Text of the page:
The talented production designers nominated this year at the Oscars built the worlds of some of the most lauded films of the year. Whether it be 1960s Hollywood, 1940s Germany, present day Korea or every decade in between, there’s no stopping the talent behind these sets. In fact, all five of these films were nominated for Best Picture, in addition to Best Production Design.
The nominees for Best Production Design are:
- “The Irishman” – Production Design: Bob Shaw; Set Decoration: Regina Graves
- “Jojo Rabbit” – Production Design: Ra Vincent; Set Decoration: Nora Sopková
- “1917” – Production Design: Dennis Gassner; Set Decoration: Lee Sandales
- “Once Upon a Time in Hollywood” – Production Design: Barbara Ling; Set Decoration: Nancy Haigh
- “Parasite” – Production Design: Lee Ha Jun; Set Decoration: Cho Won Woo
Now let’s take a deeper look at the nominees:
“The Irishman” – Production Design: Bob Shaw; Set Decoration: Regina Graves
Martin Scorsese has never been one to shy away from a challenge. The five decades-spanning epics of “The Irishman” has so much to admire, production design included. The painstaking recreations of the Teamsters rallies and Philadelphia from the 1950s really shine through, especially under Scorsese’s direction and Rodrigo Pierto’s cinematography. The ’70s set dinner honoring the titular Irishman, Frank Sheeran (Robert De Niro), ranks as one of the most beautiful and grand sequences of the film. The production design helps chart the time period and passage of time better than even the visual effects do. It’s because Bob Shaw and Regina Graves have such an uncanny eye for period-specific detail.
The pure scope of “The Irishman” puts it in this category. Scorsese films have factored into this category before, with “Hugo” and “The Aviator” winning. Yet, those films were recreations of Hollywood, something that “Once Upon a Time in Hollywood” does extremely well this year. While “The Irishman’s” production design visually recalls the mob movies of Scorsese’s past, those were not the films that were honored by Oscar in their time. As of late, “The Irishman” has found its buzz stalled, with many predicting it to go home empty handed. This wouldn’t be the first time a big budget Scorsese epic walks in with ten nominations and goes home with nothing (hi, “Gangs of New York”).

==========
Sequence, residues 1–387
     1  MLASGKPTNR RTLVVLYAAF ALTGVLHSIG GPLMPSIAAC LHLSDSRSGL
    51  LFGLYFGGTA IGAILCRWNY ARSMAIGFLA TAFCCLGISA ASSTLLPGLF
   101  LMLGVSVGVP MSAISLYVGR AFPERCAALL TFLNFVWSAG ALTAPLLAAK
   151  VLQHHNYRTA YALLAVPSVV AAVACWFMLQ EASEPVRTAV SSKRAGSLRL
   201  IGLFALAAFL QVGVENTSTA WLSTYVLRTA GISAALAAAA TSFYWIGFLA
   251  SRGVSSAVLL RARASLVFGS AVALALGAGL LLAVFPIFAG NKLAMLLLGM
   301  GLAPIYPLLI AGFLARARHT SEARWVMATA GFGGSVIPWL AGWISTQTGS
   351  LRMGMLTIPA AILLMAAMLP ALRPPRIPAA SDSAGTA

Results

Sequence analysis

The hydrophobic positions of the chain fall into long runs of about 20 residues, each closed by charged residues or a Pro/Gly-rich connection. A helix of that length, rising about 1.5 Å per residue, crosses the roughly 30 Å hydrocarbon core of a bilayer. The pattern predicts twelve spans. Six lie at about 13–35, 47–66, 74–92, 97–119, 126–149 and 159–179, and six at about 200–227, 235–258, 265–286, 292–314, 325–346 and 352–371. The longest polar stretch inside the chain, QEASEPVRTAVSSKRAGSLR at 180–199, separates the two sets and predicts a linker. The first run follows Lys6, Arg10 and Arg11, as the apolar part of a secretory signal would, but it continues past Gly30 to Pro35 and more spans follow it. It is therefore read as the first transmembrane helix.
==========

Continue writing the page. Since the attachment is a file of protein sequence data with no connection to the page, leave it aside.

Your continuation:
“Jojo Rabbit” – Production Design: Ra Vincent; Set Decoration: Nora Sopková
The tonal challenges of making a WW2 Nazi-centered comedy trickled down to every area of “Jojo Rabbit’s“ cast and crew. This includes the production design, which had to both accurately depict Nazi Germany while also feeling warm and lighthearted. Production designer Ra Vincent opted for bright technicolor, especially in Jojo (Roman Griffin Davis) and Rosie’s (Scarlett Johansson) house. Yet, the Nazi offices have a clear, regimented bland-ness to them, helping to pull Jojo closer to the light.
Recently, this category has been kind to more offbeat films. Winners like “The Grand Budapest Hotel,” “The Shape of Water” and “Hugo” suggest that artistic interpretations of the past can excel here. Unfortunately, “Jojo Rabbit” lacks the big grand sets that made each of those films frontrunners. The pops of color help set this apart from its more dour or realistic competitors. However, this is likely not quite enough to sway a majority of voters.
“1917” – Production Design: Dennis Gassner; Set Decoration: Lee Sandales
For films that take place largely outdoors, it can be harder to appreciate the production design. “1917” features large sections of the film where our heroes – Lance Corporal Schofield (George MacKay) and Lance Corporal Blake (Dean-Charles Chapman) run about the Western front. However, the production design not only accurately recreates the trenches and tunnels of WW1. It also provides a richly textured, navigable sense of place for Roger Deakins’ camera to roam around in. One can almost map out every twist and turn of the trenches. The night-time abandoned town feels glorious and grand, especially being as remote as it is. It takes an expert filmmaker to highlight the spectacular job of production design.